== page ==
When friends of mine found out I was going to Beauty School, they all said the same thing, “even if you don’t become a stylist, at least you’ll learn how to color your own hair.” Their response made me realize that many of us share a dream – the ability to do our own root touch ups that we can conveniently schedule at any time of day or night. This common goal drives the home color market and inspires television commercials that make the process seem simple and fun – just mix the ingredients in the applicator bottle, apply it to your hair and voila!. Unfortunately what I learned in beauty school was that doing your own color was actually a lot harder than it looks.
First of all, devising the correct color formula is complicated and involves a number of variables beyond your current and desired hair color. As professional colorists we consider a number of other factors such as the history of chemical services, the condition of the hair, the texture of the hair, the amount of grey, and even the presence of certain medications in the system. This type of personalization just can’t be duplicated with a “one size fits all” over the counter color.
Secondly, your hair is always changing. –grey hair gets greyer, blondes darken– so even an at home solution that may have worked well in the past may not continue to produce the same results. You’ve probably noticed this phenomenon with friends or relatives who have been using the same box dye for years with results that are starting to look a little orange or a tad blue. Frankly, their at home formula may only need a slight adjustment; however, the products necessary to make the correction are just not available to the non-professional.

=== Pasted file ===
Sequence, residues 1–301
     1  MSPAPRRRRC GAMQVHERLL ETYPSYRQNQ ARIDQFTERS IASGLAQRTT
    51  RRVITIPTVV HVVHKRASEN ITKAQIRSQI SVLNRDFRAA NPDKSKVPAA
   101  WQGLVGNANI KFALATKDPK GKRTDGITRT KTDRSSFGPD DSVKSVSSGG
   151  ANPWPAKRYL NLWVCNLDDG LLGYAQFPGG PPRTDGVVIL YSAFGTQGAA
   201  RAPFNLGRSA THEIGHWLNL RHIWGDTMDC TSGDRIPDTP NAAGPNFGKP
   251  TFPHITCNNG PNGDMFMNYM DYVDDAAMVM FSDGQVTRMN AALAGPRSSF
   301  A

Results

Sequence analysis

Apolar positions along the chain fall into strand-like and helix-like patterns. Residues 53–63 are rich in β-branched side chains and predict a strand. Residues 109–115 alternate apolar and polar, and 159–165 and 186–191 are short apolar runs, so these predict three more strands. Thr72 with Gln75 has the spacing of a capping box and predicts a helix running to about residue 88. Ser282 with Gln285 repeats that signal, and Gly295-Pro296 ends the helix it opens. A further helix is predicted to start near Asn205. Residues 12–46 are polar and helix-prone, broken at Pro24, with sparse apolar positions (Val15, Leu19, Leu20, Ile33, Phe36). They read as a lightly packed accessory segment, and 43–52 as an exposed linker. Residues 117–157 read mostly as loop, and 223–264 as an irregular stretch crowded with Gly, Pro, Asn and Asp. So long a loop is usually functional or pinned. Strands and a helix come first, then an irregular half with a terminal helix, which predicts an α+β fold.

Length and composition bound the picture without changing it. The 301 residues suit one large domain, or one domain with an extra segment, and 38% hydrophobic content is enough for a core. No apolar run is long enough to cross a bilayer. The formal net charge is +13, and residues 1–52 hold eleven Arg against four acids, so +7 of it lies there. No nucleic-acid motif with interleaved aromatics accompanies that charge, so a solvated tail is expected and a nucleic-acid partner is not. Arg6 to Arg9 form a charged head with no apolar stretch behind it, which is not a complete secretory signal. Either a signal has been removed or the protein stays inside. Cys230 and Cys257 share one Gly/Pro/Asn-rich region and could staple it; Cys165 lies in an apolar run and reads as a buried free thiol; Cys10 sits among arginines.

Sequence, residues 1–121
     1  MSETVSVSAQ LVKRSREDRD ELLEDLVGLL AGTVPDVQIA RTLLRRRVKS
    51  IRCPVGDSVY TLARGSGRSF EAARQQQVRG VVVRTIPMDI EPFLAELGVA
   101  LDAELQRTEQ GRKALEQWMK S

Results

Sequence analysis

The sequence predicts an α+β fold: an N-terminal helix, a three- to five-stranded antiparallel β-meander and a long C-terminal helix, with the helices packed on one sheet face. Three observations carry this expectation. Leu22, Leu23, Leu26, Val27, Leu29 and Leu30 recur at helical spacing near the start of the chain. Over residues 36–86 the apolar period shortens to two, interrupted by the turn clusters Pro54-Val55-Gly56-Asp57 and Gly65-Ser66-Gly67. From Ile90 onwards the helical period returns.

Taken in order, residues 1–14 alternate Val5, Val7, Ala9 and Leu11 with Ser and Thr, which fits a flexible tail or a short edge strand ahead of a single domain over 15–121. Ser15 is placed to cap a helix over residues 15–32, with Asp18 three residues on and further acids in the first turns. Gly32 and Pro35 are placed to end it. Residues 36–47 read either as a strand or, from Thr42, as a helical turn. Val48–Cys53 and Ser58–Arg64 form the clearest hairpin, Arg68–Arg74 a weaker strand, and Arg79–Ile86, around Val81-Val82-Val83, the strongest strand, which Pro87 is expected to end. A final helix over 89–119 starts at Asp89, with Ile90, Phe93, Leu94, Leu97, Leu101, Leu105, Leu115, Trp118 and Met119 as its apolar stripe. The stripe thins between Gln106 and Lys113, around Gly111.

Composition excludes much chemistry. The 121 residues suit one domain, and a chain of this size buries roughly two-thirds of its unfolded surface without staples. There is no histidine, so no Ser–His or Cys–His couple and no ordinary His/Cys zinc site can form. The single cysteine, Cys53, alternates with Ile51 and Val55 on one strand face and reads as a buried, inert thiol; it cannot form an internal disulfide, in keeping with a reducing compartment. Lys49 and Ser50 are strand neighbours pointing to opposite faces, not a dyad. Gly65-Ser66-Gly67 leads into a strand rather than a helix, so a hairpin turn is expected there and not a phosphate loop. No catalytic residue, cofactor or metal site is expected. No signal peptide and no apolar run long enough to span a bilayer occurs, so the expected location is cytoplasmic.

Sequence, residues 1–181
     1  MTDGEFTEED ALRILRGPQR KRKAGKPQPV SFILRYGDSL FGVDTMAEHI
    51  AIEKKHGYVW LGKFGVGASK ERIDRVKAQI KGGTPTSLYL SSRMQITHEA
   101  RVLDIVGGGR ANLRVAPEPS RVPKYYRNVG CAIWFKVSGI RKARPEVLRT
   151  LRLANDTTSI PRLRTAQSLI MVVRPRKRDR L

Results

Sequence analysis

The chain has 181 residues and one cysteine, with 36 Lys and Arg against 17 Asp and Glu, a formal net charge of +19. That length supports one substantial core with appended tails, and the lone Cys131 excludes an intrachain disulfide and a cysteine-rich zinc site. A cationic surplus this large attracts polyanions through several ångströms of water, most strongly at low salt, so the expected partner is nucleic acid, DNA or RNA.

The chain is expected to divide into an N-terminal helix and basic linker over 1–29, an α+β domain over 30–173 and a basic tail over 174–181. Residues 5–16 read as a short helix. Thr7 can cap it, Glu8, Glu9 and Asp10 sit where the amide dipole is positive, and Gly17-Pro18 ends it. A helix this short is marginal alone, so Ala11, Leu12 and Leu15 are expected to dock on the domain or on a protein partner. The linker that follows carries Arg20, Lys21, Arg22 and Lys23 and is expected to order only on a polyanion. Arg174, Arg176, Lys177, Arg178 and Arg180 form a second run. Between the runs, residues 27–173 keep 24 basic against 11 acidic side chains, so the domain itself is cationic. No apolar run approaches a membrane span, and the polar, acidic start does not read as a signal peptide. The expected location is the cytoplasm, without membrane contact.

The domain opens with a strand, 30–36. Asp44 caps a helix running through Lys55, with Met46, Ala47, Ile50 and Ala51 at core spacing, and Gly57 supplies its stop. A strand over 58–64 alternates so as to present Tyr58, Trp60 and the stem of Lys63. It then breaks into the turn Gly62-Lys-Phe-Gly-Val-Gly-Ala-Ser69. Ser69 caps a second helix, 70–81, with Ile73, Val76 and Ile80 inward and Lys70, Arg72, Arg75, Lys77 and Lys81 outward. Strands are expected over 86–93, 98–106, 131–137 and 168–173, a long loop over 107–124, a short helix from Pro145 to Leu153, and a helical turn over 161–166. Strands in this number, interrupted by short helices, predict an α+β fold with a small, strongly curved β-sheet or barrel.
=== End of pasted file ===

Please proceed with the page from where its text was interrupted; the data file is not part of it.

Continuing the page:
Lastly, touching up your roots with permanent hair dye or bleach requires a precise application because extending the color onto hair that has already been dyed needlessly opens up the cuticle and damages it. If you’ve ever applied at home color, or watched a friend do it, you’ve probably noticed how hard it is to avoid getting the color on previously dyed hair. Trust me. Even with a room full of mirrors, it’s almost impossible to avoid the overlap trap. So, even though I have access to professional products and can do my own formulation, I always protect the health of my hair by having someone at my salon apply my color.
So does this mean you should give up on your dream of doing your own color? Not necessarily. If you are just trying to refresh your color, there may be some demi-permanent colors and glossing products that might work for you in a pinch, but it still may be best to get your colorist’s opinion before you try anything “off the shelf.” Root touch ups, however, are always best done at the salon even if you have gone to beauty school.